Sad reality of Ghanaian girls who live and work on the streets
By Mohammed Abul Hairi Yussif, an A World at School Global Youth Ambassador from Ghana
Before I was appointed as a Global Youth Ambassador for education at AWAS, I was always questioning myself about the future of young Ghanaian girls who found themselves on the streets doing petty trade and head porter trade.
In fact, these issues were one of the major reasons why I applied for the ambassador program at AWAS. When I was appointed, I travelled with my friend Iddriss Musah Iddriss to do a survey on education and observed that many young girls, more than 9000 of school age, are out of school and found themselves on the streets of Accra, Kumasi and Tamale to earn a living.
We found that they have no place to stay, sleeping in the streets, and many of them become pregnant as a result. These girls told us they are from the three northern regions of Ghana. Some said they were dropouts and others have had no formal education .
Now Iddriss and I have created a non-profit organisation to deal with young girls’ education – in line with the activities of AWAS. It is called Best Tomorrow Foundation. Through the foundation we conducted this survey aimed at investigating the culture of girls and women’s labour migration from the three northern territories of Ghana to the capital and some southern cities to engage in a terrible trade called “kayaye”.
The term is used to describe the activities of these young girls and women who unfortunately find themselves in the head porter job market – where they are subjected to inconceivably heavy loads, social discrimination, theft and robbery and sexual molestation.
Mohammed Abul Hairi Yussif and Iddriss Musah Iddriss
In our quest to identify the cause of low female enrollment in schools in the three northern zones, we discovered that many of these girls were denied their basic right to education as a result of abject poverty.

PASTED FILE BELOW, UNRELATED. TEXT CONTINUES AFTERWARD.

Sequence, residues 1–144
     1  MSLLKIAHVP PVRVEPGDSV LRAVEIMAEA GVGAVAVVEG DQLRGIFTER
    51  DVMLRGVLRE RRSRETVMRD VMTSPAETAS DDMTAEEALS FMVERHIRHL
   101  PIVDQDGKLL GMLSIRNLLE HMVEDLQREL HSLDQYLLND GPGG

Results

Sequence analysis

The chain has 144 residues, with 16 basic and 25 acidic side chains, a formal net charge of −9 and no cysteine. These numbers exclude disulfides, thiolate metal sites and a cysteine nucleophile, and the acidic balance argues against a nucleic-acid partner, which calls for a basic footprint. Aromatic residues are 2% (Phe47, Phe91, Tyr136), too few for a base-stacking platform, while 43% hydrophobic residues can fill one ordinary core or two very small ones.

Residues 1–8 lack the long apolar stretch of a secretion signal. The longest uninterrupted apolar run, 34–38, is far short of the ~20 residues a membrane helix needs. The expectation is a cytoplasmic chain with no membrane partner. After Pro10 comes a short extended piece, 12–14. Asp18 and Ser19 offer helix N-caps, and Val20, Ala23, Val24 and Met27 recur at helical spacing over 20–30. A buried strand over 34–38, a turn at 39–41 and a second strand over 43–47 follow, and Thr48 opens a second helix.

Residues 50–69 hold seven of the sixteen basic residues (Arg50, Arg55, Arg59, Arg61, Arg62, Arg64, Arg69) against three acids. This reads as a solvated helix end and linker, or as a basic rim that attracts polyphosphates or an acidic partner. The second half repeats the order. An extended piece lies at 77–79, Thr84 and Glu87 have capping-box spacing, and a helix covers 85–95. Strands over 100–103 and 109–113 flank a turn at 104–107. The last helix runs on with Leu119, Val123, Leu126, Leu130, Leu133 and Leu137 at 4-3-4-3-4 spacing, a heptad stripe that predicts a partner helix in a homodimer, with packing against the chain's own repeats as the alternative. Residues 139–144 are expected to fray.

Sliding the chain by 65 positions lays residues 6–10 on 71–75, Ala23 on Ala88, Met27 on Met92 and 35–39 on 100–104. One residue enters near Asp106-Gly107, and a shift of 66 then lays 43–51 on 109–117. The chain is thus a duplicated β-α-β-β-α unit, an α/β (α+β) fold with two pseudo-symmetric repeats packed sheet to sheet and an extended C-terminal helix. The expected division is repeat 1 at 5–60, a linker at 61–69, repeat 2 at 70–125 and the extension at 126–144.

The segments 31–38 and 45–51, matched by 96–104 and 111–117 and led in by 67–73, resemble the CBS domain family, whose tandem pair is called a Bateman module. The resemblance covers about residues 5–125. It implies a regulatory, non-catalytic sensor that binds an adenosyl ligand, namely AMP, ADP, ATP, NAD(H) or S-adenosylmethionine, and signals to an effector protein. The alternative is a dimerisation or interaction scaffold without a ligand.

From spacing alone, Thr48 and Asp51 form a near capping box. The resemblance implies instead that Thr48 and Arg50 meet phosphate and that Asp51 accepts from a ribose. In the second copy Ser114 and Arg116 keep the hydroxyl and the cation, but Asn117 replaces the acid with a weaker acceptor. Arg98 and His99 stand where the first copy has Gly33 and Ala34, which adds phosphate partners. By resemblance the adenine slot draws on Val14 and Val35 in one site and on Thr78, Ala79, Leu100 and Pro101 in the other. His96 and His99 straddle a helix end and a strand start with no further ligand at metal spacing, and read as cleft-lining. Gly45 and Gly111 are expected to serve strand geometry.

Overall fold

Although Ghana has adopted free compulsory universal basic education for more than a decade, there are still an alarming percentage of girls who are not in school.
As an alternative, these girls turn to the kayaye business as a source of livelihood. Girls aged between seven and 19 – either forcefully or willingly – travel to the big cities from the north to become head porters. These girls use this cruel job as a source of preparing themselves financially and materially for their future marriages.
Many youth of our kind from various universities and polytechnics have been attracted to join our campaign and pledge commitment to our cause. Some chiefs, opinion leaders and media houses were served with the results from this exercise to prepare the grounds for our next action plan.
We are planning to go round with our volunteers to rural communities in the northern region to explain to people the importance of education and to campaign seriously to get these girls back into school and learning.
We will also educate them about the activities of AWAS and what AWAS is doing to get every child educated.
You can read the full report by Best Tomorrow Foundation here.